Here we go.
It's a new year, with new directions and a new Sunday School manual.
This year we're taking on the New Testament — my favorite of the four-year cycle.
I'm looking forward to it.
So, to help kick things off, let me make a leap (go get your Nikes).
I once mentioned that a psychologist claimed you could tell a lot a about person by asking the name of their favorite Beatle.
George was the spacey one — all exotic philosophy and sitars.
John was the edgy one — pushing the frontiers, writing provocative points of view.
Paul was the poetic one — marveling at love and other wonders of life.
And Ringo was, well, Ringo.
I don't know if what that psychologist said is true about the Beatles.
But I do think you can learn a lot about a person by asking about their favorite scriptures, especially asking them to name their favorite Gospel in the New Testament.
In traditional Christian scholarship, each Gospel has its own symbol and own approach.
Matthew's symbol is the lion. Matthew emphasizes the role of Jesus as the Lion of Judah, the King of the Jews. In his Gospel, Jesus is Deity made flesh, the Ruler of the nations.
The symbol for Mark is a man. Mark writes about the journeys and daily happenings in the life of Jesus. He follows Jesus as he interacts with the people.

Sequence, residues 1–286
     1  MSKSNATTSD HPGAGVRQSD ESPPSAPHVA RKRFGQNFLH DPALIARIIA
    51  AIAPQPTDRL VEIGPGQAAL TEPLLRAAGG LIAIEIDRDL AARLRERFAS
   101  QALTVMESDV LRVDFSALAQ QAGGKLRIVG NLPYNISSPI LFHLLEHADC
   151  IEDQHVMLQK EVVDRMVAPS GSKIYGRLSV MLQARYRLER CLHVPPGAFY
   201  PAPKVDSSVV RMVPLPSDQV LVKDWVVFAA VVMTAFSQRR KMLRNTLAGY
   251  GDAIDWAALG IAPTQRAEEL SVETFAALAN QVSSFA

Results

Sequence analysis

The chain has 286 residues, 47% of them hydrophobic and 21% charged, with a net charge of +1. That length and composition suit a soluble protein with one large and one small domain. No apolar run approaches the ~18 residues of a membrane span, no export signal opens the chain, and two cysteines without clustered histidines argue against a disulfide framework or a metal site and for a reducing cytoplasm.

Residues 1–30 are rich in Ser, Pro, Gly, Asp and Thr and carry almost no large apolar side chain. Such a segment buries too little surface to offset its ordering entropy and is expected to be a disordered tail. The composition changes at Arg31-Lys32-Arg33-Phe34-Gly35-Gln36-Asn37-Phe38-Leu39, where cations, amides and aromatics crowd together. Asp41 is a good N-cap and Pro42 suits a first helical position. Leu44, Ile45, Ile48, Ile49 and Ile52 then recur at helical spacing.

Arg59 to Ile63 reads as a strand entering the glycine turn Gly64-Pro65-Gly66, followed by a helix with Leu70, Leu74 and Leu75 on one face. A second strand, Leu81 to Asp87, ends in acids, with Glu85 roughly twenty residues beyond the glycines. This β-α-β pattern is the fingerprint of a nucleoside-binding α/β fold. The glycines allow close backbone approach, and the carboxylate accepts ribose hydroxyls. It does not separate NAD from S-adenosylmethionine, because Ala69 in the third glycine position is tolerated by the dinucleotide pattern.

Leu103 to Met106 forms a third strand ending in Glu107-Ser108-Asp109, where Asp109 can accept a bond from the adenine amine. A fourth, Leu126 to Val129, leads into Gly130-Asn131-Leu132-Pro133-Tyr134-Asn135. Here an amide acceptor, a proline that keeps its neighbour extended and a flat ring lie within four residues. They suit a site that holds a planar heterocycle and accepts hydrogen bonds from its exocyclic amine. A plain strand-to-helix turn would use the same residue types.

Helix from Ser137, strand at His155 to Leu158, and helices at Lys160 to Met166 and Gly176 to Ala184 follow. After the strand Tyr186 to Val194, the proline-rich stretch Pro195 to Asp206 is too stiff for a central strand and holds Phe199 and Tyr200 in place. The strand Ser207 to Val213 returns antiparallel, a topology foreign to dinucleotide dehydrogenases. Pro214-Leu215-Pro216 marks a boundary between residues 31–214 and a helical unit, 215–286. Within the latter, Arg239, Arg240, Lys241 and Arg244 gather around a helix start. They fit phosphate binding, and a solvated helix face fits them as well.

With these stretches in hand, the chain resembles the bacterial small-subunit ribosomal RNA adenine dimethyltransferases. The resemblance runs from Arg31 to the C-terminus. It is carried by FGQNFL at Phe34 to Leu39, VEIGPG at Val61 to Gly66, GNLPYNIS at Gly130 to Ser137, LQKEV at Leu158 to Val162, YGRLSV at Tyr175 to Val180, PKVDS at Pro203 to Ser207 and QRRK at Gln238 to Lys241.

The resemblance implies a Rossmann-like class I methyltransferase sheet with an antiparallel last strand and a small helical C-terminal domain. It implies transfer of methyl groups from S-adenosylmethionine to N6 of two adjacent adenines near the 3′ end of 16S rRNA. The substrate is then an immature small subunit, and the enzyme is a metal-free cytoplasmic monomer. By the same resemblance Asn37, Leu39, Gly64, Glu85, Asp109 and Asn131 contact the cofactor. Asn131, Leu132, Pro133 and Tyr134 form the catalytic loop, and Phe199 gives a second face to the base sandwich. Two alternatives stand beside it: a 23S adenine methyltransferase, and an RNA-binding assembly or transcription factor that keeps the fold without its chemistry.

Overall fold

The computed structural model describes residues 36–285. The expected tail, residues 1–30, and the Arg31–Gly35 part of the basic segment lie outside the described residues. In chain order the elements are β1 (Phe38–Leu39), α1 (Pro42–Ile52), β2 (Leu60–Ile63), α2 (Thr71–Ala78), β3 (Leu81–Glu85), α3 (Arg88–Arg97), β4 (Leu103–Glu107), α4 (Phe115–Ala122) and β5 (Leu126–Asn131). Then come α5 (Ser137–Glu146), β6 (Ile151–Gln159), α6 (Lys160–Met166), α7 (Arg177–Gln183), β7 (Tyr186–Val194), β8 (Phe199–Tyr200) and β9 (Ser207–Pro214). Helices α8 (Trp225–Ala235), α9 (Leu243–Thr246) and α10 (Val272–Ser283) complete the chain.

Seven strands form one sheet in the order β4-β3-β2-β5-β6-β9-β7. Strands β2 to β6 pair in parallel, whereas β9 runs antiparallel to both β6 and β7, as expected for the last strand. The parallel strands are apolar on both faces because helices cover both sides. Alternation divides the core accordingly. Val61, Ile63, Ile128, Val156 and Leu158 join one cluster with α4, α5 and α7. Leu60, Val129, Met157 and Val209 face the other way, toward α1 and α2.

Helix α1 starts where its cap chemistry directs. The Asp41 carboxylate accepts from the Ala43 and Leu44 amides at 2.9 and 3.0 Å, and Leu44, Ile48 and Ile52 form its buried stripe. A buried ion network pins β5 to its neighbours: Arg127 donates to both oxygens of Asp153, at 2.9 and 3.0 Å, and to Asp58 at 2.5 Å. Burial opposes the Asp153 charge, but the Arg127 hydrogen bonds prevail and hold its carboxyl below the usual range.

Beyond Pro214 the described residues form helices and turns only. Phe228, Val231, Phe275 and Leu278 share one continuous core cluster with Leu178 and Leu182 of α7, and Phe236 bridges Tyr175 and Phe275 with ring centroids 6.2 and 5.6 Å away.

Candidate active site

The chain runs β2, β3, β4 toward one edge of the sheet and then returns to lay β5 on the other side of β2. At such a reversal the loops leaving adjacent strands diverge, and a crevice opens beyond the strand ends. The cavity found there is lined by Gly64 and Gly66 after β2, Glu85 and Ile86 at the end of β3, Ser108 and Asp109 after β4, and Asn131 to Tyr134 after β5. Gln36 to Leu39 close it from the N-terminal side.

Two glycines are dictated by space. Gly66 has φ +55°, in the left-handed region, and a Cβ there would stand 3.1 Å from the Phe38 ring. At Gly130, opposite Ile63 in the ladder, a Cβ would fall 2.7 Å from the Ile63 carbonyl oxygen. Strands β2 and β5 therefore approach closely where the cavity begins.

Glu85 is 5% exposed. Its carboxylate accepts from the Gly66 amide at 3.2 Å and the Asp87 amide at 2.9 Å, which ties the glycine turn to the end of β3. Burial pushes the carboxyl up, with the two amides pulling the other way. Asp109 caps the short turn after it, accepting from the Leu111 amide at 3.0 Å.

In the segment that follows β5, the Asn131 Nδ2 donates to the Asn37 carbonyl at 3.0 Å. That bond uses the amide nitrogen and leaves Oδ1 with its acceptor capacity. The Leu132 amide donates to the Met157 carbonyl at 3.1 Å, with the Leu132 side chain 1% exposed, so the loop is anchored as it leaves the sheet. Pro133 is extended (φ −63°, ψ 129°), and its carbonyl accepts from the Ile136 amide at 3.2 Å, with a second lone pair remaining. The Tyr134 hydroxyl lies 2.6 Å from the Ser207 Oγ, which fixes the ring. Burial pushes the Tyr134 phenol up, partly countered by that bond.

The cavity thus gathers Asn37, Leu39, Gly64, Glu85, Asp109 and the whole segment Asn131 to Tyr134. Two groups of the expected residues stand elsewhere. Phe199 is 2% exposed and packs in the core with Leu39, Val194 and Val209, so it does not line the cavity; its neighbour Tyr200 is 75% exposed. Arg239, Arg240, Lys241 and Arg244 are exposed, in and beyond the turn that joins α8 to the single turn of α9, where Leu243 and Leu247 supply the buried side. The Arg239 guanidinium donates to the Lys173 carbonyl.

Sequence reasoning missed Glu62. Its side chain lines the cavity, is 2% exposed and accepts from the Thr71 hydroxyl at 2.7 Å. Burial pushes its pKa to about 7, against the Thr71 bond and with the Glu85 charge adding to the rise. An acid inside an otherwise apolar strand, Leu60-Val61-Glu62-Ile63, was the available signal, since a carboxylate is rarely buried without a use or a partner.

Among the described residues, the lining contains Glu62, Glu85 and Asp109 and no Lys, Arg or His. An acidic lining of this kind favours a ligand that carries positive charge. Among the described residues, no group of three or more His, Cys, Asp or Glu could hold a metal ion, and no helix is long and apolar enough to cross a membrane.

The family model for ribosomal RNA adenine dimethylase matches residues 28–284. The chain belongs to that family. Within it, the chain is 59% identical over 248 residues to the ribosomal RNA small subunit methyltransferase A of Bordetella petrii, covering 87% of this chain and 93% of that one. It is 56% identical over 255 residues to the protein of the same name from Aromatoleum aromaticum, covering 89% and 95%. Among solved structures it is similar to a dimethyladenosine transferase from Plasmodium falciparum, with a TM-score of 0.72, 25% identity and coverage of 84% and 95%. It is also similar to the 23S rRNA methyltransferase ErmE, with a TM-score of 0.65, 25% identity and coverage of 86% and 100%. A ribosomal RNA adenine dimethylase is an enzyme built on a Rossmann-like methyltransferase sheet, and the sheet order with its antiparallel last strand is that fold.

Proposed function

Luke is represented by the ox — not because his Gospel is dumb or strong, but because it is peaceful. Luke writes about relationships and emotional moments. Some call Luke the "Woman's Gospel."
And finally, there's John the eagle. The Gospel of John sees things from a high perch. It is filled with perspective and insight. Events in the life of Jesus are recast in John to show their eternal significance.
I think all four have their place, of course. They harmonize together like, I don't know, like the Beatles, I guess. Each has a part to play.
But I have to confess, I have a special spot for the Gospel of Mark. I like the earthy descriptions of Mark. Sometimes, I can almost see the dust on the sandals of the apostles. I also like the way Mark begins about half the verses in his Gospel with the word "And." It's as if he can't wait to get the word out. He's excited to spread the "Good News."
OK. That's my version.
Now for yours.
When I asked readers to send along the names of their favorite Christmas carols in December, I was moved and lifted by the personal stories and reasons that came along with the titles. It was like getting a basket of loaves and fishes every day. And being a rather selfish soul, and always hungry, I've decided to ask you to do the same with your favorite Gospel — or you can give a reason why you have more than one favorite or have none at all.
Just send your thoughts to the e-mail at the bottom of this column.
I'll put as many of the responses as I can in my Mormon Times column two weeks from now.
And happy New (Testament) Year.